Have you ever wondered how the broader bowl system works?
Have you ever wondered how the broader bowl system works? If so, you have come to the right place. In this article, I provide a general overview of how postseason bowl games go about their business. As a former intern and committed volunteer with the CFAPeachBowl, I have had an opportunity to serve in various capacities on New Year’s Eve since the inception of the CFBPlayoff (CFP). As Atlanta prepares to host (#1) Alabama & (#4) Washington in a few weeks, I could not be more excited about this year’s game and its implications.
State of Affairs
As sport administrators, we hold a general understanding of the playoff system and the basic qualifications for postseason eligibility. For example, if a team wins at least half of its regular season games, it is eligible for bowl game consideration. Yet with 82 bowl openings for 129 FBS teams, a staggering 63% of the competing members are guaranteed a spot. Due to this exorbitant figure, consideration is sometimes given to teams that may have fallen a game short of the mark, assuming they have achieved a certain APR threshold compared to other 5-win hopefuls.
In 2015–16, the number of bowl slots compared with the number of eligible teams yielded a record three programs with losing records participating in bowls. It was for this very reason that, in April 2016, the NCAA issued a second three-year moratorium in five years that essentially halted the addition of any new bowl games. The last three-year stoppage came in 2011, and upon its expiration, six new bowl games were added in 2014 (not including the College Football Playoff). Cities that were seeking bowl certification in 2016 prior to the ban included Austin, Texas; Myrtle Beach, South Carolina; and Charleston, South Carolina.
Unlike most NCAA-sanctioned sports, the Football Bowl Subdivision (FBS) championship series is not exactly managed by the NCAA. Rather, it serves as more of a handler as the certifying entity. According to the 2016–17 NCAA Postseason Bowl Handbook, each postseason bowl game shall remit annually, upon notice of certification, a $10,000 fee payable to the NCAA. The administrative timeline for the overall process spans from March (postseason handbook posted) through January (institutional expense forms distributed). While the NCAA assists with important elements such as officiating assignments, the Football Bowl Association handles the day-to-day governance once a bowl is granted certification.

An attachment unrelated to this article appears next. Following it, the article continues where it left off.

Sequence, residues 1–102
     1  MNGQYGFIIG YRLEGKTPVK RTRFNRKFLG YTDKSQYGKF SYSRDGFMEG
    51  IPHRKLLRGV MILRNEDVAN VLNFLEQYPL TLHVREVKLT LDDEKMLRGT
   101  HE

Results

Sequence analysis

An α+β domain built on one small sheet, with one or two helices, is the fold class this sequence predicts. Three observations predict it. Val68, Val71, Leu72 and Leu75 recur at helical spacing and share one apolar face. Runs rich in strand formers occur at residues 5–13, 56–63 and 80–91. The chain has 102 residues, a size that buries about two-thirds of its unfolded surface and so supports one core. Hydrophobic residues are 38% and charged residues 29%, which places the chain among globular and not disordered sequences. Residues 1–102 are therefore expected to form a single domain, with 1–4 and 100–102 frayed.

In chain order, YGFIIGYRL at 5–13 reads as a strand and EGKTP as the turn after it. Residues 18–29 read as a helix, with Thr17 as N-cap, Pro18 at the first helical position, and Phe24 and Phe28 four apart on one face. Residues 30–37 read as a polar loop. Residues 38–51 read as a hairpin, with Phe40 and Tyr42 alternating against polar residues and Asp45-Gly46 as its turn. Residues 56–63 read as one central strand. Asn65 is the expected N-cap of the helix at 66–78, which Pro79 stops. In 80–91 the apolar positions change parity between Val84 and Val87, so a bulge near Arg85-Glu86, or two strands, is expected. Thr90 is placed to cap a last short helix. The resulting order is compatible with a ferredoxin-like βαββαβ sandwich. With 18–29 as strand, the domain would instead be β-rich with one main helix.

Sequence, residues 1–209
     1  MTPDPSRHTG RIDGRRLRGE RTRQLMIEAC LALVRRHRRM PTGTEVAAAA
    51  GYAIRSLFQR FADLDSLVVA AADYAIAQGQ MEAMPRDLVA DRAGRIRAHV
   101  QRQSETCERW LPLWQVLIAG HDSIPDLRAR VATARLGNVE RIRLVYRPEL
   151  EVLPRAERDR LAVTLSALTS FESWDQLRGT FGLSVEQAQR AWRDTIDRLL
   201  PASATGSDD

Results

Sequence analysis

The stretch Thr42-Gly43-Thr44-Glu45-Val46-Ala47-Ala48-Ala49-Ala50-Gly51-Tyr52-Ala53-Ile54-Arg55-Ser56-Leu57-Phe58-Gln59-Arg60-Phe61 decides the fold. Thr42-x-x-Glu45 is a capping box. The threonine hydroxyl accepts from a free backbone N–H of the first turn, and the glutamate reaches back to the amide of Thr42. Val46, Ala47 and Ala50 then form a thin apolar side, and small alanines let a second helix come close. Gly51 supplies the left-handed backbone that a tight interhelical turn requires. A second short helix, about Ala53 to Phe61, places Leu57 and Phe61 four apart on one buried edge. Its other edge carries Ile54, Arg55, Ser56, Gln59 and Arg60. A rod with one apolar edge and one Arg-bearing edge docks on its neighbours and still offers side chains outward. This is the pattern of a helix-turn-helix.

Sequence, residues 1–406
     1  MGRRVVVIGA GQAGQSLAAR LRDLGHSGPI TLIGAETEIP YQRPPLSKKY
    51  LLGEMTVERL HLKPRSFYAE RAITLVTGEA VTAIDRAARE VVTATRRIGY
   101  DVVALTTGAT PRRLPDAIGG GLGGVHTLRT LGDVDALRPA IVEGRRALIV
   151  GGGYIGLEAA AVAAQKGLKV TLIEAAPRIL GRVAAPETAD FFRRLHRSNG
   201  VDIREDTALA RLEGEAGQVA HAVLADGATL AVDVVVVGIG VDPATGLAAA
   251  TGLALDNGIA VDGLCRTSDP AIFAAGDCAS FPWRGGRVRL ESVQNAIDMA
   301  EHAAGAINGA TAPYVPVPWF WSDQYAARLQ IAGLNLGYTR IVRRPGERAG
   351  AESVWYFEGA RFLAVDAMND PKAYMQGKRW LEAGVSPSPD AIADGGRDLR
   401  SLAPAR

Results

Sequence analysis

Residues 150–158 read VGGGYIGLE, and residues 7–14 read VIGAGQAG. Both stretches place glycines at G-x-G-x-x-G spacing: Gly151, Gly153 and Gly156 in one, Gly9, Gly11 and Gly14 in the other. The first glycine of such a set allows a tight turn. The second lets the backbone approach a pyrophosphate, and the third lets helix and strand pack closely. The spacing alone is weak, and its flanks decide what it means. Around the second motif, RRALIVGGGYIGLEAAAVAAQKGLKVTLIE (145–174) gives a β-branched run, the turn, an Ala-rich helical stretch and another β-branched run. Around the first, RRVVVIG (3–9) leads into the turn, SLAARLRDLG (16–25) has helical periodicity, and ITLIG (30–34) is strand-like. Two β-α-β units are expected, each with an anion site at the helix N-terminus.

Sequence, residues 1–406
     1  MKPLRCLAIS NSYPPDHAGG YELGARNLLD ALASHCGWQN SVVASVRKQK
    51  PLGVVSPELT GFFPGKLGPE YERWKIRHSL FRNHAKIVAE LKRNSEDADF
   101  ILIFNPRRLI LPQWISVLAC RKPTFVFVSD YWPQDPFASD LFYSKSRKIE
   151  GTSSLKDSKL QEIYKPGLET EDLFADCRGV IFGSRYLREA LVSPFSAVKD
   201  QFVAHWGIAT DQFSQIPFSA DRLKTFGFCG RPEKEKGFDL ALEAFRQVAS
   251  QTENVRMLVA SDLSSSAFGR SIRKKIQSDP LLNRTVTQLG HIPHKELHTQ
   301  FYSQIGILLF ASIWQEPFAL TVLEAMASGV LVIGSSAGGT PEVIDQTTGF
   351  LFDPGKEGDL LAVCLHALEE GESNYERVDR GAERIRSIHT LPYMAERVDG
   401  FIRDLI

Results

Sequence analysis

Why a Bowl?
The primary reason city officials may seek to add a bowl game is due in large part to the prospective economic impact on local organizations and charities. From hotel bookings during the holiday season, to other expenditures benefiting the local economy, host cities are duly welcoming of the fiscal boost postseason bowls often yield. They also serve as a sense of pride for local residents as fans from different cities literally pour into their backyards.
The conferences and bowls, on the other hand, glean their value in the form of cold hard cash. According to the 2015–16 CFP Summary of Revenue Distribution by Conference, over $425 million was distributed to the conferences, with the SEC gaining a $200k edge over the Big 10 in the $66 million club. As for the bowls, over $174 million in non-CFP revenue was doled out in the 2015–16 academic year. In short, and to quote Jerry Maguire, “Show me the money!”
Interesting tidbit: Most bowl games are classified as 501 ©(3) non-profit organizations and are thereby tax-exempt.
As coaches look to build on the success of a given season, or lack thereof, there is significant benefit to be realized by the additional practices a bowl game selection warrants. In the case of student-athletes, from strenuous summer workouts to demanding class schedules, they are rewarded with an opportunity to potentially earn a bowl ring and pick up some swag along the way. According to the postseason handbook, bowls are encouraged to provide student-athletes with awards that approach the maximum value ($550) permitted by NCAA legislation. Awards for most valuable players (MVPs) in bowl games, however, are not countable in the $550 limitation, but they must conform to NCAA legislation and are limited in value to $350. If you are interested in what the bowls will be shelling out this year in the form of gifts, check out this link: https://www.sportsbusinessdaily.com/Special-Content/2016/12/Bowl-gifts.aspx
Bowl season kicks off December 17, 2016, with the second-annual Air Force Reserve CelebrationBowl in Atlanta, Georgia, featuring North Carolina Central University vs. Grambling State University. This bowl is very unique in that it pits the champion of the Southwestern Athletic Conference (SWAC) against the winner of the Mid-Eastern Athletic Conference (MEAC) on an annual basis. The payout is $1 million per conference. Owned and operated by ESPN Events, the contest will be broadcast on ABC.
Now that you are ready for bowl season en route to the CFP National Championship grand finale, I only have one question for you: